Since June, there has been a lot of speculation about who might take over from Theresa May as Prime Minister and Tory leader. And while the Conservative Party prepares for its annual conference in Manchester, Boris Johnson’s intervention on Brexit seems to have been the latest move in preparation for the battle to come.
Whether a leadership election will take place before the end of Brexit negotiations is yet to be determined. But if so, Brexit will certainly play a prominent role in it. Given that the final decision as to who will be the next Prime Minister will be up to Tory party members, it is crucial to understand their views on the future relationship between the UK and the EU.
Our ESRC-funded Party Members Project (PMP) helps to shed some light on this. With the help of YouGov, we conducted a survey with over a thousand Tory members following the June 2017 snap-election, re-interviewing half of the members we already surveyed in the aftermath of the 2015 general election.
To start with, we found that Conservative party members are predominantly male, middle-class and (very probably) grey-haired. And although they are more right-wing on the state-market dimension than Tory voters, they are just as socially conservative, which means pretty darn conservative! Most crucially, however, they are predominantly pro-Brexit.
In fact, according to our data, more than two thirds (69per cent) of the Tory grassroots voted to leave the EU in June 2016. Because of this, it is unsurprising that the idea of holding a second referendum on the Brexit deal is not well received by three quarters of them, with only a tenth willing to even consider the possibility (13per cent).
Needless to say, these views stand in marked contrast to those held by Labour party members. Interestingly, however, the majority of Tory Remainers seem to also have accepted the results of the referendum, although it’s worth observing that four out of ten (38per cent) of them are still keen to consider a second one.
But if there’s no big split between Remainers and Leavers on a second referendum, the same cannot be said with regard to what kind of Brexit they want. Although only one in four of the total Tory membership would like to stay in the single market (25per cent) or in the customs union (27per cent), a large majority of the Remainers would like a ‘soft’ Brexit: six out of them would prefer to stay in the single market (60per cent) and in the custom union (62per cent), as opposed to only one in ten of the Leavers (11per cent and 13per cent respectively).
Although not as polarized as they are on economic matters, Leavers and Remainers also differ on EU immigration. Eight out of ten members (83per cent) would like the same immigration rules applied to EU and non-EU citizens after Brexit. This is true both for Leavers and Remainers. However, the latter are three times more likely than the former (28per cent vs. 9per cent) to want preferential treatment for European immigrants.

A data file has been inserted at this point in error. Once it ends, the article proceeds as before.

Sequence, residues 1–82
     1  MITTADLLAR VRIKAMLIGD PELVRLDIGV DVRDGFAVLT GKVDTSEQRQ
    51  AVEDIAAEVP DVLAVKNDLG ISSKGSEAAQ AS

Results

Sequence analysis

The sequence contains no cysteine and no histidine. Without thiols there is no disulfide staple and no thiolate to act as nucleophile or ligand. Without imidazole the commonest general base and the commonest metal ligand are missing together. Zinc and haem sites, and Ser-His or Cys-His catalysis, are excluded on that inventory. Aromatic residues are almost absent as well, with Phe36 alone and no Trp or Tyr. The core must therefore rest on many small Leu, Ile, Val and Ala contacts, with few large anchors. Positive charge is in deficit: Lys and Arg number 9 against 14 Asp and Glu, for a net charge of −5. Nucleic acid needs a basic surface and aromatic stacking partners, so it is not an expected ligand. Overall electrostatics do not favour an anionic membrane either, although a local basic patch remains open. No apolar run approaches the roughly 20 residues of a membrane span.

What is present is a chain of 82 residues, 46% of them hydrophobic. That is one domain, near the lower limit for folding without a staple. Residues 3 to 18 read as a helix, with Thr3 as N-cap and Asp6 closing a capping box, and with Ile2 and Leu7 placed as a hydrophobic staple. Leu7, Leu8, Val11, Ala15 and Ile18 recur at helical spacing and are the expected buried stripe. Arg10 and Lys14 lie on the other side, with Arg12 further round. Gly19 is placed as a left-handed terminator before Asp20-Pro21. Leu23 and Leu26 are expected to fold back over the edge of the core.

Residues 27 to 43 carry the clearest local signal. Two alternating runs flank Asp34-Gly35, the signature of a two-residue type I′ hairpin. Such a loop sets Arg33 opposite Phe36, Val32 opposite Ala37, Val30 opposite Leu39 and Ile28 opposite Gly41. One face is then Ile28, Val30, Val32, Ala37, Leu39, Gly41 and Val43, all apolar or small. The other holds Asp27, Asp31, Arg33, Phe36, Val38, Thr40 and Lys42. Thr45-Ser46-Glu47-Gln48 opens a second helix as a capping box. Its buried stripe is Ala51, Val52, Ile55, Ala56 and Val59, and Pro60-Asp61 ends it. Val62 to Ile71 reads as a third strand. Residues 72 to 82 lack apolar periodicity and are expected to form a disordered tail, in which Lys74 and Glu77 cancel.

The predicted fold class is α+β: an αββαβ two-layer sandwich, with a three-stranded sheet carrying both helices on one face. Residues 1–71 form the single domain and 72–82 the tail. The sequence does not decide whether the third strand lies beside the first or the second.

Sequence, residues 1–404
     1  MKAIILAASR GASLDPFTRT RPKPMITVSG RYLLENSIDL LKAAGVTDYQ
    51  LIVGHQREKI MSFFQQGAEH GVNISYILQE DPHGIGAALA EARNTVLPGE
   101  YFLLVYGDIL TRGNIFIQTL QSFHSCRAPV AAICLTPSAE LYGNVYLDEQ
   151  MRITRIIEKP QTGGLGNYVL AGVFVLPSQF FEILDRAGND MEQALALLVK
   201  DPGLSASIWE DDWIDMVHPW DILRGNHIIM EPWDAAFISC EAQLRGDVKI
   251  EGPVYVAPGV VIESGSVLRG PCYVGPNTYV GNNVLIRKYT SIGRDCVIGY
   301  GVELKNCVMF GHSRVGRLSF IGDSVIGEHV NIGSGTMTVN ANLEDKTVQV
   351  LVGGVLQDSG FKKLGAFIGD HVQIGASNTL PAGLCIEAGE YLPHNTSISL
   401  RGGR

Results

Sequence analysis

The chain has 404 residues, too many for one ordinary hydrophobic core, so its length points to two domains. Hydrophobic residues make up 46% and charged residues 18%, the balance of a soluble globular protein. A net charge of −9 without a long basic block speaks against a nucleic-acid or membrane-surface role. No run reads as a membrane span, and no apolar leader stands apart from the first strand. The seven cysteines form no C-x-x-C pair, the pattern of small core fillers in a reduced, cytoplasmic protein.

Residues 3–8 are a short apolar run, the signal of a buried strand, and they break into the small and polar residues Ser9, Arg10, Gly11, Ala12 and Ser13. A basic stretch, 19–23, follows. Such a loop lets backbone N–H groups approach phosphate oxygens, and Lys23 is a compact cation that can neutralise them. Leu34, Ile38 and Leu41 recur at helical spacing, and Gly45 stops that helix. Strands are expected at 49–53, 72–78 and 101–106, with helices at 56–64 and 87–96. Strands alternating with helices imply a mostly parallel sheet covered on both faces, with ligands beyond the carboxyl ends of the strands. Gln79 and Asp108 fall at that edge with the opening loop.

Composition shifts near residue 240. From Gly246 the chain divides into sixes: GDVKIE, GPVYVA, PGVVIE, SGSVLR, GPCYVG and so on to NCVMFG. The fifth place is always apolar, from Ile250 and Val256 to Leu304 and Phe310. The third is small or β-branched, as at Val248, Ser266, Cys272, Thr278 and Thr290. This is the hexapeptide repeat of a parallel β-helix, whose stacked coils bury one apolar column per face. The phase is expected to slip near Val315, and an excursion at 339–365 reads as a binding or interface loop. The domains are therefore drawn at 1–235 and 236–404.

When asked to express their opinion on immigration in general, just above half of Tory members tend to think immigration is good for the economy (51per cent gave a score above four on a scale from 1 – ‘bad’ to 7 – ‘good’). Rather, it is the cultural dimension that makes them more reticent: when asked whether immigrants undermine (1) or enrich (7) Britain’s cultural life, less than a third of them hold a positive view (with 31per cent giving a score above four).
Once again, the picture changes when we look separately at members who voted differently in the EU referendum. Although Brexit has been presented by many of its supporters as a way for the country to regain a global outlook, rather than to retreat into ‘little England’, only four out of ten of Tory members in the Leave camp think immigration is good for the economy. And most telling, perhaps, only two out of ten are positive on immigrants’ contribution on the cultural dimension. Tory Remainers clearly hold more positive views. More than two thirds (77per cent) of them think immigration is good for the economy and six out of ten (56per cent) believe that immigrants enrich Britain’s cultural life.
What about young Tories? As our survey shows, only 15per cent of Tory members are aged under 35, down from 23per cent in 2015, suggesting that some of the youngest might have left the party between May 2015 and June 2017. But among those who were still members of the party in June 2017, the majority of (relatively!) young Tories (61per cent) voted to leave the EU.
Indeed, it looks as if as many as eight out of ten are against a second referendum on the Brexit deal (83per cent) and a regime that favours EU citizens (80per cent). More surprising, perhaps, is that only a third of young members are keen to stay in the single market and in the customs union (31per cent and 33per cent respectively). In short, young Tory members aren’t very different on Brexit than the rest of the party’s grassroots.
That said, while Tory members who voted to stay in the EU constitute only about a third of the membership as a whole, they hold quite different views on what kind of Brexit to deliver. This is potentially important. Right now, the overwhelming majority (71per cent) of Tory members would like Theresa May to remain as Tory leader.
But that doesn’t mean she will: she might hope she’ll be allowed to see Brexit through; but those hopes may be dashed by her parliamentary and Cabinet colleagues. If they are, then because members who voted Remain could be crucial in swinging the result in a close race, any candidate in that race needs to be careful not to appeal only to Leavers.
The views expressed in this analysis post are those of the authors and not necessarily those of the UK in a Changing Europe initiative.